Monday , March 4 2024
On Hurt: The EP Leona Lewis' pure voice and passionate delivery provide strong performances of three literate and powerful songs.

Music Review: Leona Lewis- Hurt: The EP

Leona Lewis first garnered attention when she won Britain’s X Factor back in 2006, and since then she’s sold over 20 million albums and singles as well as having earned multiple Grammy and BRIT nominations. She performed at Nelson Mandela’s 90th birthday celebration and represented Britain at the closing ceremonies of the Beijing Olympics along with Jimmy Page and David Beckham. Her beautiful voice, versatility, and impassioned delivery has brought her international stardom.

No wonder, then, that her powerful renditions of three of her favorite songs on Hurt: The EP are spectacular. Her singing here is spine chilling. “Hurt,” especially, both chills and thrills as the rawness of the lyrics meets the purity of Lewis’s voice.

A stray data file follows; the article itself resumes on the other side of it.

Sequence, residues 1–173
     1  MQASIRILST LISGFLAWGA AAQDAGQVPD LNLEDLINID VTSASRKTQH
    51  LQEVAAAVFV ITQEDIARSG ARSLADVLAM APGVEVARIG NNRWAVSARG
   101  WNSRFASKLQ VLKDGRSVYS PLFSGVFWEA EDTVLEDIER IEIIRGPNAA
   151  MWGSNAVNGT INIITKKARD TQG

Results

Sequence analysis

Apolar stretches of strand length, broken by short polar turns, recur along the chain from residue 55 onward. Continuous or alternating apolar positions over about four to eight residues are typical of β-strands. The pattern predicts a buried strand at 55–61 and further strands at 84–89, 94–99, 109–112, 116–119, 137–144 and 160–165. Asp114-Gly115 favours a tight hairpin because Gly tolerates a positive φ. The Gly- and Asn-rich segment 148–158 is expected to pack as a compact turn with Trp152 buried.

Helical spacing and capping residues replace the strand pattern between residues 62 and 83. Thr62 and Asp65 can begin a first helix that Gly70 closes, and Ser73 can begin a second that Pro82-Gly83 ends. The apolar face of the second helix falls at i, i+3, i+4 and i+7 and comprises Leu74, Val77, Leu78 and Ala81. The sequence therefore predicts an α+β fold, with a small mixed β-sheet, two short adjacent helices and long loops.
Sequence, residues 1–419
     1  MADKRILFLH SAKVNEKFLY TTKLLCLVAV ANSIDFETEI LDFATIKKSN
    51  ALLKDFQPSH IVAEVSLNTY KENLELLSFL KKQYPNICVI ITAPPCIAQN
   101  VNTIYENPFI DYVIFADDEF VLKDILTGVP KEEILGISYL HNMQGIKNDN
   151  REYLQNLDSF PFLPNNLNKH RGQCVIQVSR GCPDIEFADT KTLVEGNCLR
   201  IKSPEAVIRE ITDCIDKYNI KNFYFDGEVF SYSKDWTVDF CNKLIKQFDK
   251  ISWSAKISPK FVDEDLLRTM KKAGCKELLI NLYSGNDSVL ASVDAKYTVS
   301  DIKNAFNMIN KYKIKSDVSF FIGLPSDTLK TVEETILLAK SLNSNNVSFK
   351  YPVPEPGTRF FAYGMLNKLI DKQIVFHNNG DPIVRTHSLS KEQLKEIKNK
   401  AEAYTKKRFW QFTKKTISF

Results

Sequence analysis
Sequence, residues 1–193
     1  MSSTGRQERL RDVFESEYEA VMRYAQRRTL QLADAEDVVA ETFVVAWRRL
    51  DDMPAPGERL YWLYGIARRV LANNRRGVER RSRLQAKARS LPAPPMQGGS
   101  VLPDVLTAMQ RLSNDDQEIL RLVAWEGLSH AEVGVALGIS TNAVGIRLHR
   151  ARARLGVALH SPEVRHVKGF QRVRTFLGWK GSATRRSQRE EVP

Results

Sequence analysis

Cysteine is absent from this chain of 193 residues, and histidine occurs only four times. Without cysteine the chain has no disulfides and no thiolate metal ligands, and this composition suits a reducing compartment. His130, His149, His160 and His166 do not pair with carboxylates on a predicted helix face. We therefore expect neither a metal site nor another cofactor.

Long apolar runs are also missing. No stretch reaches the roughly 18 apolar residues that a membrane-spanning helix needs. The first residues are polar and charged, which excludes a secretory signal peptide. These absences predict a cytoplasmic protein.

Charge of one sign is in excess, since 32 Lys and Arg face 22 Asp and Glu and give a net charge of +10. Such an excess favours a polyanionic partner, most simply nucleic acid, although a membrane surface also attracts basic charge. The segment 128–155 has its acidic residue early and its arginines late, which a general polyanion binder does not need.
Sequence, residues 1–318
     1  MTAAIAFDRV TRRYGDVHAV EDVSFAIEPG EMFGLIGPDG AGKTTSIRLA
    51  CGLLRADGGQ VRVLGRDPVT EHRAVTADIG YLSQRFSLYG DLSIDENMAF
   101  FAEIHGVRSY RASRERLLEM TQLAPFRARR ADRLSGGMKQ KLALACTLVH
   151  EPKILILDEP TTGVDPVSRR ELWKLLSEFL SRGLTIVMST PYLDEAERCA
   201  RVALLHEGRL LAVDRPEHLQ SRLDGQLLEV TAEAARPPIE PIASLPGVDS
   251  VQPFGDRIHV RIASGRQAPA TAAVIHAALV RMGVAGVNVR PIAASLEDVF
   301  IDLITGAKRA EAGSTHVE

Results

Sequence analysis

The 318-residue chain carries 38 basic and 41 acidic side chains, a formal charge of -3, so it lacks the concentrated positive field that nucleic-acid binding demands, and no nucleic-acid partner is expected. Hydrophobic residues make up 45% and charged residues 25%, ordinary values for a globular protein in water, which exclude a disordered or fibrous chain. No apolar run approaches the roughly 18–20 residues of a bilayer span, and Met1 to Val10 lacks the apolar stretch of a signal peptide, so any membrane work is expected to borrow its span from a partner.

This arrangement of “Hurt” is not based on the Nine Inch Nails original, but rather on Johnny Cash’s iconic version. Covers of “Iris” (Goo Goo Dolls) and “Colorblind” (Counting Crows) round out the disc. All three performances feature intense, literate lyrics and are well-suited to Lewis’s style.

This EP is a treat (and a tease) for Lewis’s fans who are awaiting the release of her third full-length CD, Glassheart. For that, Lewis is collaborating with British producer Fraser T. Smith, who has also worked with such artists as Adele, Kylie Minogue, and Cee-Lo Green.

Obviously, the hope is that the EP will whet its listeners’ appetites for the new CD, and it indeed does that. After hearing these songs, I am certainly anxious to hear what’s next. The purity of Lewis’ voice and the emotion in her delivery is perfect for these songs. Her version of “Hurt,” in particular, may ultimately be my favorite yet.

Hurt: The EP is available on or on iTunes for just $3.99. It’s worth it!

About Rhetta Akamatsu

I am an author of non-fiction books and an online journalist. My books include Haunted Marietta, The Irish Slaves, T'ain't Nobody's Business If I Do: Blues Women Past and Present, Southern Crossroads: Georgia Bluesand Sex Sells: Women in Photography and Film.

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